Sometimes I go on research trips and sometimes I just go on holiday. And sometimes a holiday provides such interesting material that it could rightly be called a holiday-research trip. Last month I went to Canada, to visit my sister and her family and our parents. It’s always lovely to be back in Canada, as it brings back happy memories of my university years spent in Halifax. This time, my destination was a suburb just outside Toronto, a pleasant place with well-kept houses and gardens that were starting to show determined signs of life after the long and cold winter.
My sister is a dedicated sampler of snacks and other good food and she always has a list of places for us to visit together. She had been planning to take me to Sue’s Market for a few years, but somehow, other things always intervened. The main attraction of Sue’s was that the owners were Jamaican Chinese, home people, from our part of the world. I had already eaten a lot of delicacies from their store, which my sister always referred to as ‘a convenience store’. I went in, expecting a tiny down-home Mom and Pop establishment. It’s not that she had deliberately misled me. I think it’s more that we have been living on our respective continents for so long that we have diverged in our interpretation of size. Mild culture shock always sets in when I fly across the Atlantic: everything seems to grow in size, from tubes of toothpaste to household cats. So I was quite taken aback to find that her ‘convenience store’ was about the size of my local supermarket. And what an assortment of top products and produce! But let me not get side-tracked, because I want to tell you something else.
Still reeling from the shock, we went on to stop number two for that day. The exterior was not very reassuring: a utilitarian-looking building whose only apparent concession to decoration was a sober logo above the door, promising a European food experience. They weren’t lying. Believe me when I tell you that it is possible to collect all the best products from Europe and house them in a single spot. And then keep on adding items for local ethnic minorities. Have you ever seen whole smoked sturgeon and salmon in the same place as pickled apples and cabbage, Dutch cheeses, mahleb, mastic and Korean beef bulgogi? Of course, I didn’t see any of these things until the next day, because first there was the bakery…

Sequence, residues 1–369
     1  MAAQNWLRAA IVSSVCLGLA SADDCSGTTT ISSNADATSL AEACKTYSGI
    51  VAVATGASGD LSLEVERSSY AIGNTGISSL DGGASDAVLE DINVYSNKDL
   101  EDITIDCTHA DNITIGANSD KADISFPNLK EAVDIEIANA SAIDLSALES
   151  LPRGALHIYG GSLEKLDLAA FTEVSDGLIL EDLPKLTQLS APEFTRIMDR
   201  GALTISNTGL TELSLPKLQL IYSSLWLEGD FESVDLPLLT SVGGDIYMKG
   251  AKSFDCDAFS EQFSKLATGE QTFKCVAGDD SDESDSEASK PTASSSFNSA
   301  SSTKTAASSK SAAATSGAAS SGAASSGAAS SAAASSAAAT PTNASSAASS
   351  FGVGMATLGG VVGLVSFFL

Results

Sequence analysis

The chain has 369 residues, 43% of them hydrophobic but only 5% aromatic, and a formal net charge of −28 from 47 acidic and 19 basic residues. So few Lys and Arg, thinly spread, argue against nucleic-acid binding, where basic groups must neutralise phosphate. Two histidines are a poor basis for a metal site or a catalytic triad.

We walked in – straight into the bakery section. There were European rye breads and Parisian pastries next to baklava from several countries, including the lesser-known Azerbaijani type I gave in Warm Bread and Honey Cake. I saw an interesting-looking concoction on the counter. Not a beauty by any means, but very intriguing: a high anthill shaped pastry-thing that seemed to be coated in caramel. (Later, I was told by a Russian friend of my son’s that they call it ‘anthill’ at home.) I was still too dizzy from the rest of the display to pay it much attention at that stage, but then they gave me some to taste and I was completely lost. I discovered chak chak. You know how I love to bring the world together in my books. Well this single mouthful brought together the crunchy sugar-coated mithai of my Guyanese childhood with the ordinary but delicious North American treat made from rice crispies and melted marshmallows, but in a Russian kind of way. The pastry was crisp and unexpectedly airy in texture and it was all held together with a sticky honey syrup, sweet but not cloyingly so. And it was very moreish. In fact, I have to confess that in the time it took to take a few photographs so that I could show it to you, I managed to eat most of the back of this one. I bet you can’t even tell. The sticky coating holds it together beautifully. You just keep eating and before you know it, it has disappeared and you wonder where it went. Isn’t it wonderful when simple ingredients have that effect?